Jay, have a look at the “UK National Grid Live” site and see what is happening in the UK. The UK has moments where green energy provides an enormous proportion of its electricity needs, and gas is hardly more than 10% of its supply. But when you look at the average for the year you get its real dependence on gas. Gas provides about 45% of their average power. Look at a socially and economically advanced country like Norway which has a really achievable plan to be carbon neutral by 2050. Its plan after 2050 is still to export oil. It regards emissions from such exports as being the responsibility of India and China or whoever else buys it. Look at Germany and the development of the new Nord Stream gas pipeline from Russia to solve its problems moving from nuclear to gas. Look at the EU rediscussing whether gas is not perhaps “green”. South Africa is not going to overtake them in a rush to carbon neutrality any time soon.
The above said, I feel it unavoidable to respond to some of the more personal points made. Firstly, Jay, you raise a key concern over issues around consultation. We have absolutely no objection to consulting further with people affected by development irrespective of any issues playing out in court. Lambasting us without asking a single question as to what we have done to promote such a process is a little unfair but it doesn’t detract from the merits of the underlying point. Nevertheless, pretending to be the last human being watching the horror movie is a little lacking in self-reflection. I wonder, Jay, if you remember how much consulting you did before abandoning the RDP and taking up your next post as Minister of Communications less than two years after leading Cosatu through elections in 1994, promising every structure within it that the RDP was the hard-won commitment of “the Alliance” to workers that would take everyone out of their misery?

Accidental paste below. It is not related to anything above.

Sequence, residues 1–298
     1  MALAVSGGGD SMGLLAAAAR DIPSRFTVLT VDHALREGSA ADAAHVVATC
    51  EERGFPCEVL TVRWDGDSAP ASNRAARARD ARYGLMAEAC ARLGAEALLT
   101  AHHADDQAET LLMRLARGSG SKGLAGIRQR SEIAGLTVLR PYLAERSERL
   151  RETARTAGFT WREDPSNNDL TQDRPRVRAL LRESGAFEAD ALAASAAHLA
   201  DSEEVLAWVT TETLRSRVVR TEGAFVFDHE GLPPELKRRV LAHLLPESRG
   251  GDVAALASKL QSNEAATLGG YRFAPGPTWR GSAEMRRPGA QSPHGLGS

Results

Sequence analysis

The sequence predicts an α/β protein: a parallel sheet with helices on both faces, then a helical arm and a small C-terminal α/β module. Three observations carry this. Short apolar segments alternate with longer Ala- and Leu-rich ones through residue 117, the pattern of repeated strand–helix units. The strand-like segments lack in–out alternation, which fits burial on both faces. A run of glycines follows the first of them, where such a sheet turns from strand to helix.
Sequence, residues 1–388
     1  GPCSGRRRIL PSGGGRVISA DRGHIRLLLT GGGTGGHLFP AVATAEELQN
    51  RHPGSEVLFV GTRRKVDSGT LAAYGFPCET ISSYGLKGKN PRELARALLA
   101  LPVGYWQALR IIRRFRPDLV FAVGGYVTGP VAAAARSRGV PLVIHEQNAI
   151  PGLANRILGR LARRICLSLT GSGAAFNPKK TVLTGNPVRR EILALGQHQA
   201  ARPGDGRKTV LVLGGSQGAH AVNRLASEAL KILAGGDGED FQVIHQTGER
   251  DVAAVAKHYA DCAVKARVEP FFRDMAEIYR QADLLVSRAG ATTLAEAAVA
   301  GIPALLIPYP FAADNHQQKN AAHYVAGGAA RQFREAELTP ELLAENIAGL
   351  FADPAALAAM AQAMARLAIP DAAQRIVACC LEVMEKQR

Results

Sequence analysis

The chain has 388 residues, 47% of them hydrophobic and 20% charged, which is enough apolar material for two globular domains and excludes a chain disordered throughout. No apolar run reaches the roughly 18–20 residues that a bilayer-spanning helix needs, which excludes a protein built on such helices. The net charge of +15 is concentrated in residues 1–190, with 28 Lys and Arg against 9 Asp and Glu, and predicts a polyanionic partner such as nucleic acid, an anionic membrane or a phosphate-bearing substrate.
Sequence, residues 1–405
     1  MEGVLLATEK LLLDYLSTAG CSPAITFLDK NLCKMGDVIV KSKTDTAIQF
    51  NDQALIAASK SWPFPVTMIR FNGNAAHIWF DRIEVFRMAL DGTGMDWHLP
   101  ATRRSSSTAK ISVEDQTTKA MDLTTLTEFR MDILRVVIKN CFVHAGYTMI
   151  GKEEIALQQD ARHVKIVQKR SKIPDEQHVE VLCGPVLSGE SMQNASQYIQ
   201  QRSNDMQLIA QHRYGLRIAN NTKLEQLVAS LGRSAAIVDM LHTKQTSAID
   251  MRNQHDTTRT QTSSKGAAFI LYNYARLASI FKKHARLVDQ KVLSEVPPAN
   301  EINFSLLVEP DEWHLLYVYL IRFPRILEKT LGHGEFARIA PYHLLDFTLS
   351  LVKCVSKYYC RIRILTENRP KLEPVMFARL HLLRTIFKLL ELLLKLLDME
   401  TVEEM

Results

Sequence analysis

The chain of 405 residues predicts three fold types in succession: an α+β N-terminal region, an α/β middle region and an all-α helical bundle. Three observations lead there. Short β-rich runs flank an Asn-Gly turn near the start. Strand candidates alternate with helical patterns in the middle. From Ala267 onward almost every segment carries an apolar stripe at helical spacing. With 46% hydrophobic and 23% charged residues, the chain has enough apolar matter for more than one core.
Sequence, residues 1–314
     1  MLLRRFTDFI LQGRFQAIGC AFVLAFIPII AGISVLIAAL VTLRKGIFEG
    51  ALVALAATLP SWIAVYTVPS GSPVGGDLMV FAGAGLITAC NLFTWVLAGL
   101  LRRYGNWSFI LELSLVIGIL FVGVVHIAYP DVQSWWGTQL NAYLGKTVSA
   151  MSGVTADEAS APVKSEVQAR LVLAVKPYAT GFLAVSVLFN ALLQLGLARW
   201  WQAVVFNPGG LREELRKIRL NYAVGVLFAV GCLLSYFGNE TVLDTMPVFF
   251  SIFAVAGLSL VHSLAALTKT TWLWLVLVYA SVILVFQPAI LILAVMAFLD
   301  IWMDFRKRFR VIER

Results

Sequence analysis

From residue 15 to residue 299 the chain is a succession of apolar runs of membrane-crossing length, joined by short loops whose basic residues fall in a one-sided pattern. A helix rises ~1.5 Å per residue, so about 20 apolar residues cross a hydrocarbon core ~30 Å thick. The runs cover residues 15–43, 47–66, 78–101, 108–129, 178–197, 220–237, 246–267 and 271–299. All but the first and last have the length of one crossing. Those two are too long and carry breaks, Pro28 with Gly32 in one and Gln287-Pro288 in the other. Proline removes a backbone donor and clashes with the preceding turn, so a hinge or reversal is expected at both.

Secondly, while your idea of being “in business” may well have been limited to making “enough money” for yourself before moving up the food chain, HCI’s business is differently motivated. It doesn’t just stop when its CEO makes enough money for himself. It employs tens of thousands of people in businesses, most of which it either saved from serious trouble or took the risk of participating in from scratch. It has operated for decades in constant consultation with Sactwu structures. It is controlled by a board drawn, in the main, from people who led the union through its 40-year history. It has absolutely no connection with state capture, violence, or corruption of any kind. We make money by building businesses and running them honestly and efficiently. We reinvest money into them constantly and grow them as best we are able to do.
Lastly, my infamous reference to “poppycock” was not in any way a comment “decrying community and civic society opposition”. It was an unfortunate response to a WhatsApp read to me in a radio interview saying its author believed that a single impulse from a seismic airgun reverberated around the ocean for thousands of square kilometres for months, causing harm to whales, and asking for my comment thereon. Irrespective of the fact that I think it to be wholly untrue, I accept I should have offered a more dignified response if there is to be a debate around oil and gas exploration rather than the current series of personal attacks on individuals and corporations.
I suppose our point of view will fall on deaf ears, but I do wonder if we would not make more progress by having a discussion with each other on the merits of exploring for hydrocarbons rather than you ranting from your pulpit and trying to rebrand us as vulgar, money-obsessed deviants. DM
Johnny Copelyn is the former general secretary of the Southern African Clothing and Textile Workers’ Union (Sactwu) and is the chief executive officer of Hosken Consolidated Investments, HCI.
Daily Maverick © All rights reserved